Fast forward to the 1980s, where modern native Alaskan Inuits have had their traditional diets replaced in part with coffee, sugar, white bread, margarine, and soft drinks. Now heart disease and cancer have been brought to levels similar to the rest of America, while the traditional killers of native Inuit continue to bring down the average life expectancy: high infant mortality, limited access to modern medicine, and high rates of suicide due to the social isolation that comes with being a native American in this country. Hardly dietary factors.

The plant-based diet I am referring to is the USDA food pyramid. Perhaps that isn't the plant-based diet you envision, but when the first two levels of the pyramid are grains, fruits, and vegetables, it's hard to think of what else to call it. During the period of time the food pyramid has been in use, American waists have expanded and overall health has deteriorated.

Show me the domination of athletes on plant-based diets. The best football players grow up on meat and potatoes. As do elite athletes in many other sports.

The China Study is a flawed attempt to turn a series of correlations into a cause-effect argument. It is based on epidemiological data that can't be used to definitively prove anything. If one were to look at the scientific paper from which the book was derived, many of the correlations themselves are statistically insignificant. At best, the study can be used to establish a broad framework from which to do further randomized and controlled studies, but in and of itself it says.... nothing.

Dr. Campbell's rants against the "dangers" of protein come from studies on rodents, in which he fed them irresponsible amounts of unnaturally isolated casein protein from milk. Aside from the fact that rodent metabolism and physiological responses are completely different from our own, there is no way we could eat a relatively proportionate amount of protein, nor could we eat that amount of isolated casein which supposedly causes tumors in rats. Casein is generally found alongside whey protein in milk, which, in fact, suppresses tumor formation.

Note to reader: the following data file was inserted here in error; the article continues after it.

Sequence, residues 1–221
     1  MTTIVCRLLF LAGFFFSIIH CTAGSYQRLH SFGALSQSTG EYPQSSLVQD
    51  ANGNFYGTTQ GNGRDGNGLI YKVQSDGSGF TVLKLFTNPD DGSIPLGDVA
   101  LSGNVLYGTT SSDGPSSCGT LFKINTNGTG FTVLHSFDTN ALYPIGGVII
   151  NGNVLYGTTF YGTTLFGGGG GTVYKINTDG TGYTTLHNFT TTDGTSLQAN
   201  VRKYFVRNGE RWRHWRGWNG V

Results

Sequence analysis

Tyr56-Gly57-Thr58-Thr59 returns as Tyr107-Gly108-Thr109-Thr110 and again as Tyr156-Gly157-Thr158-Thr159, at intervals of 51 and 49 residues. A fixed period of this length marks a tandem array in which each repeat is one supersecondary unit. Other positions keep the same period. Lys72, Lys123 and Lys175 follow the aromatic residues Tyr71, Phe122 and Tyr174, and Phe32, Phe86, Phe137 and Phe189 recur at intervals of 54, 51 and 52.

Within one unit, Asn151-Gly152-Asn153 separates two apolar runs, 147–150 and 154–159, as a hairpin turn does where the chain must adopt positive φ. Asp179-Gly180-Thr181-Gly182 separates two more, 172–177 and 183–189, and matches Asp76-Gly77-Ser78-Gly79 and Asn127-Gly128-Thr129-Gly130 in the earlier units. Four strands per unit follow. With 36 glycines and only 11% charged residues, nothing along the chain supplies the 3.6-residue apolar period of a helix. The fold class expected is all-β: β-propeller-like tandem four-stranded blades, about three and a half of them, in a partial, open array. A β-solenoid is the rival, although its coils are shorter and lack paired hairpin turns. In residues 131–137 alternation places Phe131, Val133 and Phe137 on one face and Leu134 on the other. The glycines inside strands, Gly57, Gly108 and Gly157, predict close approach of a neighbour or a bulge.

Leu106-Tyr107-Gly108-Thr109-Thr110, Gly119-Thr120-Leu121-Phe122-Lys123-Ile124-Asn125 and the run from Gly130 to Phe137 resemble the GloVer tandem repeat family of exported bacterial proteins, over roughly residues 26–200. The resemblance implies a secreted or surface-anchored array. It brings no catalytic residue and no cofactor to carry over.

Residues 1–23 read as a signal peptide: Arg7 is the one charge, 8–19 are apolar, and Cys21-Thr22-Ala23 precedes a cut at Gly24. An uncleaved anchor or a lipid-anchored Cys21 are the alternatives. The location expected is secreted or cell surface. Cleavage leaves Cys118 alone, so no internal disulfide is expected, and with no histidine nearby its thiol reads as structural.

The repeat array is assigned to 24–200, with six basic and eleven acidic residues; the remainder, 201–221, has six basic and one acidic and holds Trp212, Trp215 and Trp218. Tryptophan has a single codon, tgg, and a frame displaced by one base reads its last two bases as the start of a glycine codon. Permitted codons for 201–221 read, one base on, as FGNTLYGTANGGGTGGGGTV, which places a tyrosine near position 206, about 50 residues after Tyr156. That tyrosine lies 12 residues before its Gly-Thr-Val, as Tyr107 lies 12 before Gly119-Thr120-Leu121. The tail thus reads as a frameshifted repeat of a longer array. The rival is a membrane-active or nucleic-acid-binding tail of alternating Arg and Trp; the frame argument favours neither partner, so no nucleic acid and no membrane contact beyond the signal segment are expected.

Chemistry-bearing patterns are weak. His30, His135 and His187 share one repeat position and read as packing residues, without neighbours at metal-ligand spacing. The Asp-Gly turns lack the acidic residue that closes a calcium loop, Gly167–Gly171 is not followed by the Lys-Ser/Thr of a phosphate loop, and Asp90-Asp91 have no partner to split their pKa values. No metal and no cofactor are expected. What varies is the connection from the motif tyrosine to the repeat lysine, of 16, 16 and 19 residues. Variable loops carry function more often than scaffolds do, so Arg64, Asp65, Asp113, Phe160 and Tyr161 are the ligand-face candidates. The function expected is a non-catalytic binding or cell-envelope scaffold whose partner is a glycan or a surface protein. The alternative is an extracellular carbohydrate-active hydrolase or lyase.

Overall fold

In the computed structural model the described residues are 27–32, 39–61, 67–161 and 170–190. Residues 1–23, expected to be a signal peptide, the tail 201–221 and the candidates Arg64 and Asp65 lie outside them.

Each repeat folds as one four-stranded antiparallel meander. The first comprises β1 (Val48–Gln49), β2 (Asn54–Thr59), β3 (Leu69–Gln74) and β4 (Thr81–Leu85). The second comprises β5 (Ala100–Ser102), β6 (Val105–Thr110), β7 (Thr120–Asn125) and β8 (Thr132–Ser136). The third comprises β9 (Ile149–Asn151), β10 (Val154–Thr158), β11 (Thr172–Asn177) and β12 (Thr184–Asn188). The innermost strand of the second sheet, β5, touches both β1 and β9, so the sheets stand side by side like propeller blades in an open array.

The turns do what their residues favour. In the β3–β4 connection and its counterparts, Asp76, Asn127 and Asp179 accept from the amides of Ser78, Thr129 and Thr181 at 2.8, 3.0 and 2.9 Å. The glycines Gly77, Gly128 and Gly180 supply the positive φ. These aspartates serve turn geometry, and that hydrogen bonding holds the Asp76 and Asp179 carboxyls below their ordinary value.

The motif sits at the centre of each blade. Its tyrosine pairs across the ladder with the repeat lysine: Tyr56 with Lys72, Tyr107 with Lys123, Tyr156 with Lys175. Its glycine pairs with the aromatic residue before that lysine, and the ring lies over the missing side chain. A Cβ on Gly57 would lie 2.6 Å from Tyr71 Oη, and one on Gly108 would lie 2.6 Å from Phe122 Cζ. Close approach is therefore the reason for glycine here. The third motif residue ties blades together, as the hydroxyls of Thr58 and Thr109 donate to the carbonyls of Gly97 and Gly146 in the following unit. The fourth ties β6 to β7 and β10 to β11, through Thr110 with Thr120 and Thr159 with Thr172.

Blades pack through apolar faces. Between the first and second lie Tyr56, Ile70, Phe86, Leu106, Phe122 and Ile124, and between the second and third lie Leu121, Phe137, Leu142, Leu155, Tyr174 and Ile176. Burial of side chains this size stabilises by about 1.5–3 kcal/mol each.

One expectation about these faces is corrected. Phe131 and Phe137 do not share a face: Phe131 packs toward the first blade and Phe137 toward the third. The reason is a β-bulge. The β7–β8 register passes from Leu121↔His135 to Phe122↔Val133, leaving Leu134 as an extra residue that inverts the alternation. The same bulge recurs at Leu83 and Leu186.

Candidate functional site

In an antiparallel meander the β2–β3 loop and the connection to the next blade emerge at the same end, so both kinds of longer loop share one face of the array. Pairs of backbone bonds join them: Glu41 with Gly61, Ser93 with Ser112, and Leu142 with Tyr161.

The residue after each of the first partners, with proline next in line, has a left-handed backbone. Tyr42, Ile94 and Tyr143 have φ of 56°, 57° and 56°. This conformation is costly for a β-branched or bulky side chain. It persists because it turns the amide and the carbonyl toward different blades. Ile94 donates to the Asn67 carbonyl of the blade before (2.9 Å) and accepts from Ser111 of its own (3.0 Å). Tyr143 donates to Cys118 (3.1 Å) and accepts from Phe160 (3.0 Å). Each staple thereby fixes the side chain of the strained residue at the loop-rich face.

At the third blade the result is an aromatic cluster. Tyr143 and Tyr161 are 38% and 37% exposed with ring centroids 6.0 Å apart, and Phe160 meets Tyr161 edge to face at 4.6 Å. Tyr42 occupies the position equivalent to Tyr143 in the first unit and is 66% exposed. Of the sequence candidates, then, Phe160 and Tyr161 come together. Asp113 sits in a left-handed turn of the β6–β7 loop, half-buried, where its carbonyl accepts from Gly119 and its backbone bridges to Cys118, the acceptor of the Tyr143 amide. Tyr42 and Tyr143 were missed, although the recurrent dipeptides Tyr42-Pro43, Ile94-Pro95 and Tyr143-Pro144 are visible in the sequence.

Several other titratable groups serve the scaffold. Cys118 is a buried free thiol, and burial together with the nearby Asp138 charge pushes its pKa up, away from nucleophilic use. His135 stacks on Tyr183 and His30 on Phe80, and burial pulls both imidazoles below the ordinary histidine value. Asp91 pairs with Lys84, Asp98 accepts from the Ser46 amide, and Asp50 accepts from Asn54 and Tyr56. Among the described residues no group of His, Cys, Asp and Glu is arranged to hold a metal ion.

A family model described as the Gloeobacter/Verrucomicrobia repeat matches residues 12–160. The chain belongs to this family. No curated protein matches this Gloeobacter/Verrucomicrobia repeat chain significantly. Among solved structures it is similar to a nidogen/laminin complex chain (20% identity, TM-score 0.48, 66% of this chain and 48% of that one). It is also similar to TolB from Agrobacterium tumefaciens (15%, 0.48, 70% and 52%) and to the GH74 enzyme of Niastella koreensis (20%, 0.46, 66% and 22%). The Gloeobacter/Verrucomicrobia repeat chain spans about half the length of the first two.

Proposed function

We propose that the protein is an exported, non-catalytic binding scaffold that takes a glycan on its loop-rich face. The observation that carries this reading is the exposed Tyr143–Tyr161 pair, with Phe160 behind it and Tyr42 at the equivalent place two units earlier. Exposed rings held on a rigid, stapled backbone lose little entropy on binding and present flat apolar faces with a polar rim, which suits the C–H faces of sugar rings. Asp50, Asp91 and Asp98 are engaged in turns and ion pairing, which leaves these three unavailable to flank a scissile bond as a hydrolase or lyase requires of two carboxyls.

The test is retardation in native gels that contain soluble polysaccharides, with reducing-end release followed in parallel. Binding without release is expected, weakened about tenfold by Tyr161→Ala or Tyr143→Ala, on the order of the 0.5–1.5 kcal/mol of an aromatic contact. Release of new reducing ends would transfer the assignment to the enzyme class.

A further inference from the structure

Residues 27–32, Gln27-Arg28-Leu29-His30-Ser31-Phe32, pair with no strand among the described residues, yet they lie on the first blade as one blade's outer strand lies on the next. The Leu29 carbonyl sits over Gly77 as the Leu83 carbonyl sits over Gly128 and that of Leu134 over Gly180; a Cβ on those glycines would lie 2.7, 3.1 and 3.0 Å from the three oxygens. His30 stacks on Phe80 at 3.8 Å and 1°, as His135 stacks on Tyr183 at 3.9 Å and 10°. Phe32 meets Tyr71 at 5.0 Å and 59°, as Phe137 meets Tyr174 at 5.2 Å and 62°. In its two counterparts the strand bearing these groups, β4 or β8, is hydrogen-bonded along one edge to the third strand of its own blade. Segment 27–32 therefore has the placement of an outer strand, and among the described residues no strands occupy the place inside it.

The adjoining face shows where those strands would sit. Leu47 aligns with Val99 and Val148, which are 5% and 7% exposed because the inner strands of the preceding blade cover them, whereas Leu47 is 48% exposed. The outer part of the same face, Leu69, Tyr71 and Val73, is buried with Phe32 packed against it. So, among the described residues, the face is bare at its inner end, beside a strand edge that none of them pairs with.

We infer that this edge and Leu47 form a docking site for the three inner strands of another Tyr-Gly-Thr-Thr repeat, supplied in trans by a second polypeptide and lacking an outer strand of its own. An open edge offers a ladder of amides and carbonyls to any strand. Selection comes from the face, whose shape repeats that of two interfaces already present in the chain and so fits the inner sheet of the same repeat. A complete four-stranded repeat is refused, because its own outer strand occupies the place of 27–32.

I realize that milk is not entirely hormone free. I know that cows produce their own hormones and these are present in the milk. However, it's the artificial hormones that concern me. Recombinant hormones are not natural and can trigger severe immune reactions in those that are sensitive to them. In a similar vein, it's the structure of the gluten protein and starches in the primordial einkorn variety of wheat that causes it to have a nearly 30% less severe blood glucose spike and associated insulin response than unnaturally selected modern varieties of wheat.

Finally, I don't promote any commercial diet. Don't belittle my lifestyle by assuming I'm pushing something, then calling me out when I say something that conflicts with it. I personally eat 80% paleo/primal. I'll eat dairy/eggs and meat, but most of what I eat is green vegetables. I stay away from all grain products, and if I'm all worn out from a day of heavy lifting, I'll carb load with sweet potatoes or carrots. I advocate people finding what works for them, and I don't believe that anyone should have to adhere to complex rules and charts or feel like they're depriving themselves in the context of eating "healthy."

I highly recommend you read "The Vegetarian Myth" by Lierre Kieth; "Good Calories, Bad Calories" by Gary Taubes; and "The Omnivore's Dilemma" by Michael Pollan. For good measure, read "Why Zebras Don't Get Ulcers" by Robert Sapolsky.
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My rules:
1) eat real food - more vegetables, moderate meat, moderate fruits, less grains, less sugar, less vegetable oils.
2) exercise - moderate intensity cardio, sprinting, heavy lifting, dedicated stretching and mobility.
3) live - relax, de-stress, meditate.

Disclaimer: I'm not professionally qualified to make any formal recommendations. I've just done my homework and I'm my own guinea pig. All of my data, unless otherwise cited, comes from a sample size of n=1 (me).